We should be handling out gear as though it is riddled with a toxic chemical that comes off on your skin until proven otherwise.
We should be handling our gear as though it is riddled with a toxic chemical that comes off on your skin until proven otherwise. (Unsplash)

Everything comes with a cost

By Larissa Conroy               

Out of the four articles I have written to date, half of them have been brought under scrutiny at some point.  To say I never expected that to happen would be naive.  To say I was prepared for it when it happened would also be a lie.  If I’ve learned one thing, it is this: You will never be prepared for the scrutiny that comes along with putting your work out there.  In one case, someone made a biased Facebook post ridiculing what was strictly an opinion piece.  In the most recent case, a “qualified environmental professional” had this to say about my articles on PFAS:

“One recent example was Larissa Conroy’s recent article in FireRescue Magazine “What if I told you that your Turnout Gear was Causing Cancer,” an attention-grabbing title for sure, but one that is misleading and unsupported.”  – Dr. Paul Chrostowski

If anyone read Dr. Chrostowski’s article, there is a blurb saying, “The following is in response to a FireRescue Magazine article and is written by a manufacturers consultant.”  Following that blurb there is a manufacturing symbol before his article even starts.  What does that tell the typical layperson picking up this article?  He is being paid by a bunker gear manufacturing company to write this piece.  I’m sure he may have some good points about PFAS and any good reasoning as to why my article is incorrect.  However, you lose the majority of your audience and credibility once they figure out who you’re being paid by.  I’m sure if I was being paid to refute the existence of PFAS in bunker gear, I would absolutely be looking for any and all evidence contradicting its use in foam and bunker gear manufacturing.  Here’s my disclaimer:  I’m not a scientist. I’m still in school and working toward my bachelor’s degree.  Take what I say with a grain of salt.  However, Dr. Graham Peaslee has been working tirelessly.  He has been studying our bunker gear and the chemicals involved with its manufacturing, all of which he is doing pro bono.  He is not being paid by bunker gear manufacturers.  It is his work you should be reading, studying, and taking his advice to heart. Dr Peaslee’s research can be found here

Not one bunker gear company has come out and said, “We are having our gear tested by a third-party company to prove that the levels of PFAS are of no concern (or in trace amounts).”  All of what I have seen has been backpedaling and claims that PFAS has been discontinued in bunker gear when, in fact, it has not been discontinued and it has been proven by Dr. Peaslee’s research.  Companies have gone so far as to get other qualified professionals to put out statements refuting the existence of PFAS in bunker gear rather than offer to have their own gear tested.  It is much cheaper for these companies to pay someone else to refute claims about their bunker gear rather than own up to it.  They want to put the wool over the eyes of the everyday firefighter.  They want to make you believe that the gear is safe, all while they knowingly poison you and blame it on improper use of SCBA and other PPE.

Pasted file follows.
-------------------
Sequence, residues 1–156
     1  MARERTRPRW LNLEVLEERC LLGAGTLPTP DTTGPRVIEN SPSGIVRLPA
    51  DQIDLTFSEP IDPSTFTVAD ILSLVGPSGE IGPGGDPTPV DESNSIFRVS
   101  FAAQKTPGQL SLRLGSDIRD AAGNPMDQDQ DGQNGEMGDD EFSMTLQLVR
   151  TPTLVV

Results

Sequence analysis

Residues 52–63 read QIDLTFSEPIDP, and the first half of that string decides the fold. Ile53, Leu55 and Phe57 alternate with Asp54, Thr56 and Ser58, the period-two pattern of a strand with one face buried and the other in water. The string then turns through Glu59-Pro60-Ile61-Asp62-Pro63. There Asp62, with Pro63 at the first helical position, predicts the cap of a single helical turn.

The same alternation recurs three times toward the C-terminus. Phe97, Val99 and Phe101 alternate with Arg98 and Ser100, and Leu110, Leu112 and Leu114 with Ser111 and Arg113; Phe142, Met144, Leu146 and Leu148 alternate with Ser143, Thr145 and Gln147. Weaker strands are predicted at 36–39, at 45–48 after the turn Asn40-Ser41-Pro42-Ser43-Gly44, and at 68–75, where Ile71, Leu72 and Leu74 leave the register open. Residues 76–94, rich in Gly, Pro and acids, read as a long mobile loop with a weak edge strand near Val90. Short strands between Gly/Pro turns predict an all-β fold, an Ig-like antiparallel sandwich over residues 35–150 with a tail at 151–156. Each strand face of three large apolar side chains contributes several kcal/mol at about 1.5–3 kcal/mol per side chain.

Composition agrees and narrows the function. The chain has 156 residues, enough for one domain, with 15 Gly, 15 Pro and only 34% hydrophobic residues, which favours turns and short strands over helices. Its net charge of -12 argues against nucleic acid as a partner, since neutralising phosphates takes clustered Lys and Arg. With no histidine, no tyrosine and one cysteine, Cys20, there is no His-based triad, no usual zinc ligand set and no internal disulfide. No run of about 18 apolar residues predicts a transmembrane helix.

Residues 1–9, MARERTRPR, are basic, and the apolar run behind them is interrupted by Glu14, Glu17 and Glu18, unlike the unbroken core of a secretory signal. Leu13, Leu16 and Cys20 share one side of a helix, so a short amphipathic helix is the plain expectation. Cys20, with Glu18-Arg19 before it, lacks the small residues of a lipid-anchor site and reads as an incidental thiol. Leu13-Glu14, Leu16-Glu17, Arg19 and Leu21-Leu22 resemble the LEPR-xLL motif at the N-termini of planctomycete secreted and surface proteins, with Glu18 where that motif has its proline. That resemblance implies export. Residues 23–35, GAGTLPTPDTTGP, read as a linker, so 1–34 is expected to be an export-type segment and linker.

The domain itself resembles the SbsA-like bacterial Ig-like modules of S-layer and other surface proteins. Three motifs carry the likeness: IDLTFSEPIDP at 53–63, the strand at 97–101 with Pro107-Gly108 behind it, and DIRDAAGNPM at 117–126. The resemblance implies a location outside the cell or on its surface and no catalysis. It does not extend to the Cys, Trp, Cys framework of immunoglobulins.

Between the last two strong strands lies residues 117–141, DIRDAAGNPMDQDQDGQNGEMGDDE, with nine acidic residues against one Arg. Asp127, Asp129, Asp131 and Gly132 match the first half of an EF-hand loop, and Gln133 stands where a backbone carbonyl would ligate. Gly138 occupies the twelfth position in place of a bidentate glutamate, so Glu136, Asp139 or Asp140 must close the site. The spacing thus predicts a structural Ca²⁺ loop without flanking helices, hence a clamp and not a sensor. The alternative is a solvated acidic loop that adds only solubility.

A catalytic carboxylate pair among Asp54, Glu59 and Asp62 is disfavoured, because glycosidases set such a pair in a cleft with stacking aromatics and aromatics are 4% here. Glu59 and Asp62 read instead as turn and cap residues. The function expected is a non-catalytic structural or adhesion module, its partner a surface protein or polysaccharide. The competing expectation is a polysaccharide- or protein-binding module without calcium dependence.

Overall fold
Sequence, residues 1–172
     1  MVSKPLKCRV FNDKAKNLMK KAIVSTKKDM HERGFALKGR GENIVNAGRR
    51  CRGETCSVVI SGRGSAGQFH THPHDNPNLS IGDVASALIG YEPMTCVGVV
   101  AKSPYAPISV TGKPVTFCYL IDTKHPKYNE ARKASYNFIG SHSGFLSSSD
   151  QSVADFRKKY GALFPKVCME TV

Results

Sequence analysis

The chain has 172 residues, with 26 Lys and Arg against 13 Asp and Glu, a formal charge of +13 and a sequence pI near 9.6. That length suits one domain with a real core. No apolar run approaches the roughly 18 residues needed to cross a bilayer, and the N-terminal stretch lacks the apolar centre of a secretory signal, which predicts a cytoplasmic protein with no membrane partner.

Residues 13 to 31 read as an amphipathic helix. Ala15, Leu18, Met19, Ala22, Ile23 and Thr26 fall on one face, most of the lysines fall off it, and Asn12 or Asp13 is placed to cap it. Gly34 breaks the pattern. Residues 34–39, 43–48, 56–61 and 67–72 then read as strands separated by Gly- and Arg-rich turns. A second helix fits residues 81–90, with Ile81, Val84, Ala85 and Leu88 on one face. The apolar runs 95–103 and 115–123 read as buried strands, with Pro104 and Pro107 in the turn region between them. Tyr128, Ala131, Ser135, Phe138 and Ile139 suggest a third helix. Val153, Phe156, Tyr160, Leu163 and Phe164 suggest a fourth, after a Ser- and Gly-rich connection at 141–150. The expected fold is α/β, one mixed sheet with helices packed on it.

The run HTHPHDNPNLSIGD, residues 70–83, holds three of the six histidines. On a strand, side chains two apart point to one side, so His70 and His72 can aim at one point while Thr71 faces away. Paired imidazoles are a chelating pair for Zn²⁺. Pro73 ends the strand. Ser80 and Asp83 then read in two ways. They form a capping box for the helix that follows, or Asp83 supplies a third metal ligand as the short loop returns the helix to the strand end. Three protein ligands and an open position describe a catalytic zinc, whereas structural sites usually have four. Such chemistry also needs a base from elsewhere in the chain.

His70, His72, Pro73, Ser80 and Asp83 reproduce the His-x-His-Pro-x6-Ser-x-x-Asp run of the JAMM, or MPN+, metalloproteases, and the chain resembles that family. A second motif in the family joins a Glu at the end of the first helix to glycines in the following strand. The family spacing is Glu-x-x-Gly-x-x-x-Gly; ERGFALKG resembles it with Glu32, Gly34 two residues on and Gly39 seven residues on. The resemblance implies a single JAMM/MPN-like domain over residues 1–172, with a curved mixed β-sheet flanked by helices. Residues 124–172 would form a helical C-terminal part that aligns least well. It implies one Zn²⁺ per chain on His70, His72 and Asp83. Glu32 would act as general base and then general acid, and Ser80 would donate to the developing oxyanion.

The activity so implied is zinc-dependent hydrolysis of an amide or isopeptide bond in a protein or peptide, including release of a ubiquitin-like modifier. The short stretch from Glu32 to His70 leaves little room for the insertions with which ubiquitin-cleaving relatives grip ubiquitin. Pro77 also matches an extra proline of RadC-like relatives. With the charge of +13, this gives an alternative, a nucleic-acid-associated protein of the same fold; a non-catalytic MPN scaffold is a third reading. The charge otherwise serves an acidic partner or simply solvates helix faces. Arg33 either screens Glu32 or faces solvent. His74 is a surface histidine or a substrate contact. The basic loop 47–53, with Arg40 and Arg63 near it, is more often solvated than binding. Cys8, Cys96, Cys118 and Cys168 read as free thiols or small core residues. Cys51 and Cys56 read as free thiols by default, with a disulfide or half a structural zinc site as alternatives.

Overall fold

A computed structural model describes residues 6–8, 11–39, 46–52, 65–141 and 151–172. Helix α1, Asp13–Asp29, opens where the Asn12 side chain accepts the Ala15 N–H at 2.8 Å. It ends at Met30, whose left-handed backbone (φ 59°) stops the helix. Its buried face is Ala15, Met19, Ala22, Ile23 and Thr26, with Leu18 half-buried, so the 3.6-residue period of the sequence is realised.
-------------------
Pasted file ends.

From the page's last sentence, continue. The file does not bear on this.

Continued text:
Cancer has surpassed heart disease as the leading cause of death in firefighters.  A simple Google search will tell you that.  The question we should be asking is, “Why?”  Why are firefighters dying from cancer at an alarmingly higher rate when cardiovascular disease used to be the number one culprit of firefighter deaths? Yes, our fires are burning faster and more intense than fires 20 years ago.  Manufacturers have put so much emphasis on bunker gear now being able to withstand temperatures and be more heat and water resistant, but at what cost?  Everything has a cost.  We are not getting better or more advanced bunker gear without some sort of cost.  Is that cost the exposure to PFAS?  We need more answers.  Currently, the only person providing those answers is Dr. Peaslee. 

Dr. Chrostowski goes on to say that there is no link to PFAS and cancer, that there are no studies to support dermal absorption through the skin, and that alternatives have proven to be unsafe.  PFAS is linked to a number of health problems, including an increased risk of cancer.  That information comes straight from the Environmental Protection Agency (EPA).  He is correct in his statement that there are no studies to support dermal absorption, because we don’t have the studies yet. We don’t know enough yet.  To write it off completely and treat you gear without due respect would be irresponsible.  We should be handling out gear as though it is riddled with a toxic chemical that comes off on your skin until proven otherwise.  Alternatives have proven to be unsafe because there are no alternatives.  Bunker gear that is PFAS free is still being manufactured and has not been tested yet.